Today, we step back from the massive forces and raging sorrow of Corigliano to a work that's considerably more tranquil and serene. Germaine Tailleferre was born in a suburb of Paris in 1892, and originally studied piano with her mother before ultimately winding up in the Conservatoire de Paris. Her father refused to support her musical endeavors, and to spite him, she refused to go by the name she was given at birth. (Tailleferre had to deal with a lot of bullshit in her life as a female composer, living and working in a time when Aaron Copland could confidently proclaim that women had an innate block against composing well. It's hard to escape the feeling that one of the reasons she's so little known is pervasive sexism.)
At the Conservatoire, she fell under the sway of Erik Satie (an important and fascinating figure in his own right) and eventually became part of Les Six, an important and influential group of French composers in the early and mid twentieth century. Tailleferre became an adept interpreter of the works of Igor Stravinsky (whose neoclassical style was very much in vogue in the 1920s), and her performances of his music helped get her own career off the ground.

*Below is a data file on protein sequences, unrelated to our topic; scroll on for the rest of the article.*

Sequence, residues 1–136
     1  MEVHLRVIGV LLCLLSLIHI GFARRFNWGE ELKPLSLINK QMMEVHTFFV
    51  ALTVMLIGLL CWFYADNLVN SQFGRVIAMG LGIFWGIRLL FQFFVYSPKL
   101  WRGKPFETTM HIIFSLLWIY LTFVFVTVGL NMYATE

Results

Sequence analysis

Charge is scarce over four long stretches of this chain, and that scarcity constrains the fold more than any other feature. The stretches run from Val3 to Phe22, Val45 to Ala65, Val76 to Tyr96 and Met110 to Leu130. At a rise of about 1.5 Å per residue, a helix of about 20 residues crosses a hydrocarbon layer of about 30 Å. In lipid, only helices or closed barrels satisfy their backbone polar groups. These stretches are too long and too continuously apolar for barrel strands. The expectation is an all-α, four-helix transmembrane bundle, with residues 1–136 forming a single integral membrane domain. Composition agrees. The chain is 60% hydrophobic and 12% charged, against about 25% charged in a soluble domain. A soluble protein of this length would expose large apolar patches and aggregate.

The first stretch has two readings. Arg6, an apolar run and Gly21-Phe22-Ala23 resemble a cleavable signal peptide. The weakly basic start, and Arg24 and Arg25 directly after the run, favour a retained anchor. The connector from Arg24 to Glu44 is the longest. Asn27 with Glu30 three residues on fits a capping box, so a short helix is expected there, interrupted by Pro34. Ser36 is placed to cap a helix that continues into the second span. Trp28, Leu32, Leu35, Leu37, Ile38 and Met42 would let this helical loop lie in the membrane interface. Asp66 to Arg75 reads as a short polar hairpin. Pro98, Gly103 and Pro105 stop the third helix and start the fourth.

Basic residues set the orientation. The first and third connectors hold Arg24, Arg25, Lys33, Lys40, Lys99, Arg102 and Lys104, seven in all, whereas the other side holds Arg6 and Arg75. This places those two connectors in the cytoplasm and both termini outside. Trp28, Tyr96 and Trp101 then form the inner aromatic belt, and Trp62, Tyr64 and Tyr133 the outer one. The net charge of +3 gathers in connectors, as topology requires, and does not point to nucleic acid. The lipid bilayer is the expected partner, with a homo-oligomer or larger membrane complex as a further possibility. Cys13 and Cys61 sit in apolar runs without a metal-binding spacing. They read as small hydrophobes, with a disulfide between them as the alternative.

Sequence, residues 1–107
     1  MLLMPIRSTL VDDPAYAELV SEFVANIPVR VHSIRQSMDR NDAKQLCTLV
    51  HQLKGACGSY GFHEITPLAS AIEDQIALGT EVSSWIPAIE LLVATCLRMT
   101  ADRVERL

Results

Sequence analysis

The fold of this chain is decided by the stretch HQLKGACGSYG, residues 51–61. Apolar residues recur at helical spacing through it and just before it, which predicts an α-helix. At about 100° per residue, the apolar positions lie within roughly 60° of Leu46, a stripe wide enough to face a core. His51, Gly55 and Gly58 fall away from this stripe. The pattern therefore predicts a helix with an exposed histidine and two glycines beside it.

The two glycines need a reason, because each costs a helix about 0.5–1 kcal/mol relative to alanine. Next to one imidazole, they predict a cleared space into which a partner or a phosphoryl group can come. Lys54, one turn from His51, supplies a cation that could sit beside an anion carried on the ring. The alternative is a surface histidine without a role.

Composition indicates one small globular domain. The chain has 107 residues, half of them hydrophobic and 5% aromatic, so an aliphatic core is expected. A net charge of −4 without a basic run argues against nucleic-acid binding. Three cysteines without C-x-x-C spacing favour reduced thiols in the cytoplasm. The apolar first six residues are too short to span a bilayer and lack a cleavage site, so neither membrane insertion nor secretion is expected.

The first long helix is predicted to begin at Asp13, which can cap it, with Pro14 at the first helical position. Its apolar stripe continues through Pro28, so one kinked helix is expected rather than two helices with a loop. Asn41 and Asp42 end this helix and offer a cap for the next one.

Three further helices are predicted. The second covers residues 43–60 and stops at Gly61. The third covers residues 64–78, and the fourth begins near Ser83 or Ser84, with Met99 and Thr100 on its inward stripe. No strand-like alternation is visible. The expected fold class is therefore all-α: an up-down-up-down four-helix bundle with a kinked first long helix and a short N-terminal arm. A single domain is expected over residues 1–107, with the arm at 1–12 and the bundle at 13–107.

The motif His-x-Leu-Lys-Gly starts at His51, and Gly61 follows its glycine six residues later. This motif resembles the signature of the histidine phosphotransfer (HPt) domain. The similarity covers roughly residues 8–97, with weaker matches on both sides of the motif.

In the 30s and 40s, as the heyday of Les Six drew to its close, Tailleferre continued to perform and write on commission, but never really regained the stature she'd had earlier. She spent a few years at the end of the Second World War in Philadelphia, but returned to Paris shortly after the war's conclusion. She dabbled briefly with serialism, but it wasn't really her style, and many of her later works are very much in line with the spry, graceful neoclassical creations of her earlier years. She died in 1983 in Paris, with much of her music remaining unpublished until years after her death.
Like many French composers, Tailleferre wrote extensively for the harp, and we feature one such work today, a sonata from 1953. The first movement opens with languid, rippling gestures over a happily burbling accompaniment. The easy, flowing motion continues thruout the movement, but several times it seems to run aground on something timid, cold, and brittle and comes up short. It ends somewhat abruptly, up in the air, and lands gently in the sentimental, nostalgic strumming of the second movement, which seems like it could be the ghost of a forgotten waltz. There are a few lively outbursts, but on the whole, the music seems unwilling to pursue them, settling instead into a carefully maintained floating imperturbable calm.
Last up is a whirling perpetuum mobile, but unlike many entries in that genre, this leaves room for delicate lyricism in the midst of the stream of dancing notes. A syncopated riff of four chords repeatedly interrupts the accompanimental whirligig at one point, but only briefly before the machine starts up again, spinning out ever more gossamer arabesques before leaving off with a final splashy gliss.